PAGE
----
Also worth checking out are Guerrilla News Network and Mad Cow News. The all time classic of this genre is Dylan Avery’s Loose Change on the alleged 9/11 World Towers conspiracy. It’s become the most downloaded film in the history of the internet.

BP What are the politics of the archives?

JL To make people think more about the notion of independence, to be inspired by low budget filmmaking and demystify the idea of cinema as only a tool of the wealthy. I want people to actually think that there is something worthwhile about looking at films that aren’t considered great pieces of art. We want to question mainstream distribution and the limiting of screens and spaces…I would like to see a more robust notion of independent cinema in Australia. I think that’s one good thing that the digital era can do because camera technology is now accessible to everyone.

I think our frustration came from growing up in a town that was so alive with microcosms, of people with home cinemas and performance spaces like the Film Makers Co-op and the Sydney Super 8 Group, the Paris and Valhalla cinemas. After the 80s, with the Bicentenary and finally the Olympics these spaces have disappeared from the city. We don’t want to see pockets of independence vanish. We are trying to keep the idea of repertory cinema alive.

BP Your work seems to be very much about community.

AL Everything we do is about community. I have a knitting group. We have our cult cinema screenings, the Sounds of Seduction. We eventually get to know the people who attend our events and hopefully they begin to feel like they belong. It’s almost like creating a village in the middle of a very large city.

BP You have some great cultural artefacts here.

AL We always open our archives to discarded formats and antiquated technology. Eventually someone, a student or low budget filmmaker, will ask us where they can find an old projector or Super 8 camera and nine times out of ten we will have it and can help them out.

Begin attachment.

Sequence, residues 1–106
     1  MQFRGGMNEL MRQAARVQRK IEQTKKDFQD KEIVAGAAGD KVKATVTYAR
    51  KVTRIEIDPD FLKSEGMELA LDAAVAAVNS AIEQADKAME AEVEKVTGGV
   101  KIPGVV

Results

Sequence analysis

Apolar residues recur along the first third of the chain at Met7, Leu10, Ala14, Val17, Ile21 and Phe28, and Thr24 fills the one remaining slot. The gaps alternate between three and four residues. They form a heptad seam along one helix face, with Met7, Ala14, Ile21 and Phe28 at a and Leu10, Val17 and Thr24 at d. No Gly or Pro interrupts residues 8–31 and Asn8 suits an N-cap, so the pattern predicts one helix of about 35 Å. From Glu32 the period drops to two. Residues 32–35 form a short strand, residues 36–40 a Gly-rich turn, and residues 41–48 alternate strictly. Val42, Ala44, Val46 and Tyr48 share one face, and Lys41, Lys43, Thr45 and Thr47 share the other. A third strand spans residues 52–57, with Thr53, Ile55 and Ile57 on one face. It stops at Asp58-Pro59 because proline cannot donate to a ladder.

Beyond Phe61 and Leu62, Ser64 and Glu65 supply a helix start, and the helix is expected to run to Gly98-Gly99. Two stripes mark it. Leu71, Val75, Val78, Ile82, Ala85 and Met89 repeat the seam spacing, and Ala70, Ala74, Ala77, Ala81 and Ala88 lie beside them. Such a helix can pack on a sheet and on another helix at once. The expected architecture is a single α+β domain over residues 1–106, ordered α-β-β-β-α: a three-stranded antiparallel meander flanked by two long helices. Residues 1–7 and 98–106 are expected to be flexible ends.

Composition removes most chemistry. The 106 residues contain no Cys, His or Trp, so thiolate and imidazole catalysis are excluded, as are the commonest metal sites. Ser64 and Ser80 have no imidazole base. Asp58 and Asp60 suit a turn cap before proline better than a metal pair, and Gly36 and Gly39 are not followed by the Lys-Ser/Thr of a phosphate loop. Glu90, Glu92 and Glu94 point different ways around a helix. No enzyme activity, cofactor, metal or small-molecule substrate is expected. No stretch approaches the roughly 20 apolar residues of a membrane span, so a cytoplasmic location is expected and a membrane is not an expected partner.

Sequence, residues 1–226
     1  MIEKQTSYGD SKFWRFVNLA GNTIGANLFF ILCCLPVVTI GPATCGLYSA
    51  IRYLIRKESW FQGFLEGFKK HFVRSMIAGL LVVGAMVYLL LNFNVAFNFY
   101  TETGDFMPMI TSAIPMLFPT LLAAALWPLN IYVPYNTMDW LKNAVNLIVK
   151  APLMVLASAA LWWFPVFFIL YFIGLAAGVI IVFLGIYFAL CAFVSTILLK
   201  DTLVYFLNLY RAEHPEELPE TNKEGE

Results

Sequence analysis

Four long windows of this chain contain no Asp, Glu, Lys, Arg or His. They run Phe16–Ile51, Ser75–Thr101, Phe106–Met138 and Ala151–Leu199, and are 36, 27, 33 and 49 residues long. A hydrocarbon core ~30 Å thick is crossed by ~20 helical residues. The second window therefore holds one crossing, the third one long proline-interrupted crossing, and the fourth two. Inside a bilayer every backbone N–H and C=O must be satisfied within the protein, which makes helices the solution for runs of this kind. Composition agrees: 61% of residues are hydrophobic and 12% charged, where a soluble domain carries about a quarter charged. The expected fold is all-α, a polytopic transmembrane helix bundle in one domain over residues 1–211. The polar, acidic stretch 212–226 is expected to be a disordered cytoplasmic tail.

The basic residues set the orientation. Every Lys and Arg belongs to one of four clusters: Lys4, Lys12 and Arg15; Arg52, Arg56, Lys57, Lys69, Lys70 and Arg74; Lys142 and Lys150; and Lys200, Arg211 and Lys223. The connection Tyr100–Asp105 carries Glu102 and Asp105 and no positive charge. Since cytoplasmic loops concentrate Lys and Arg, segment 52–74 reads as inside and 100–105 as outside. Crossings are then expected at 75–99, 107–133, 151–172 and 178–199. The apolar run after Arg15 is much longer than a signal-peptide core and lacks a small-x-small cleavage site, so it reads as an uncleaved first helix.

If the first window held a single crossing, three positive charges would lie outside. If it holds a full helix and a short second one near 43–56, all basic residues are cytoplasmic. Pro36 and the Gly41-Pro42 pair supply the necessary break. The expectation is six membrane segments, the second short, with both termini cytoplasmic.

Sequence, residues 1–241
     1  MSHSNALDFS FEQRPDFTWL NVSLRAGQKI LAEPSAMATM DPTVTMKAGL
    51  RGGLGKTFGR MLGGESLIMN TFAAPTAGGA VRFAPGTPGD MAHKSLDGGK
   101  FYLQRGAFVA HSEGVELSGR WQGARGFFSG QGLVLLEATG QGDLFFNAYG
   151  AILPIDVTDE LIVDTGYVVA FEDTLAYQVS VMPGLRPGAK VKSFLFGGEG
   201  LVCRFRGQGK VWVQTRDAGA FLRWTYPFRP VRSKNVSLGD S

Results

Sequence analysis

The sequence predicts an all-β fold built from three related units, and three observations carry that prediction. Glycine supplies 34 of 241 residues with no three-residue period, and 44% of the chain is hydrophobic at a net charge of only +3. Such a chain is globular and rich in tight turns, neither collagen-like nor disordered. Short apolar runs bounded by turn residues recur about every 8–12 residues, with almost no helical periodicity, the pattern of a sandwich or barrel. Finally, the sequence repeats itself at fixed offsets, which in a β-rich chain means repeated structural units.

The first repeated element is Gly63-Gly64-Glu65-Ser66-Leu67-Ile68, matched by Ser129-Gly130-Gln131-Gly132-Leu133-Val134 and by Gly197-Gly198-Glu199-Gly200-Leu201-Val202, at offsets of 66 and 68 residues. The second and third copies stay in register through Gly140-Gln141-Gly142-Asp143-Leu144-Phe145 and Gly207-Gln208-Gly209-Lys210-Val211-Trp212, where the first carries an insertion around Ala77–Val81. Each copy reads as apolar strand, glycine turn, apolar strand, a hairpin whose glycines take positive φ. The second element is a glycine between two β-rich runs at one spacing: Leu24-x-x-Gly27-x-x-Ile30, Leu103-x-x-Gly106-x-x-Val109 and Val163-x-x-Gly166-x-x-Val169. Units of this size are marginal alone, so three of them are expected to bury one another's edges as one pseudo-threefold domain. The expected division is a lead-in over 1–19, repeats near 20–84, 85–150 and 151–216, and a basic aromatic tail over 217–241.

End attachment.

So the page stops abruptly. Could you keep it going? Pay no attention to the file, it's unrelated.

JL We also had three Scopitone juke boxes. Scopitones are fascinating in terms of their film history. They are 16mm juke boxes made around 1957 with 36 music clips in them shot around the world. They started in France but eventually went right around the globe ending up in America. No one has got a complete history that we know of. The clips were only made to be played on that particular juke box. It was really the birth of three-minute music clips. One of our favourites is Web of Love by B-grade starlet Joy Lancing. It is a pure piece of exotica. She is suspended in a spider web with Scopitone dancers parading beneath her in the skimpiest tiger skin bikinis, all in lurid colour. The words of the song are literally visualised and at some stage she ends up in a big pot in the jungle with a witch doctor stirring the brew.

AL One Scopitone was donated to the Sydney Powerhouse Museum and the other to ACMI in Melbourne, with 36 clips in each. They are the most remarkable film clips you could ever imagine.

BP Where do you want to go from here?

JL Nowhere, we will stay here and just keep doing what we have always done. There is so much pleasure in introducing an audience to material they had no idea existed. And we are still discovering obscure and exciting things every day.

AL Our Monday night screenings are a bit like church, it’s weekly, we get to know our congregation and at the end of the night we try to acknowledge everyone that is there, hoping that they are positively affected by the experience.

JL Our only hope for the future is that our archives can become fully catalogued and therefore become a more effective library for those willing to look at the fringes.

Jaimie and Aspasia (aka Jay Katz and Miss Death) host a weekly radio show, The Naked City on Sydney radio station, fbi 94.5 fm. www.mumeson.org

RealTime issue #79 June-July 2007 pg. 26

© Bob Percival; for permission to reproduce apply to realtime@realtimearts.net

1 June 2007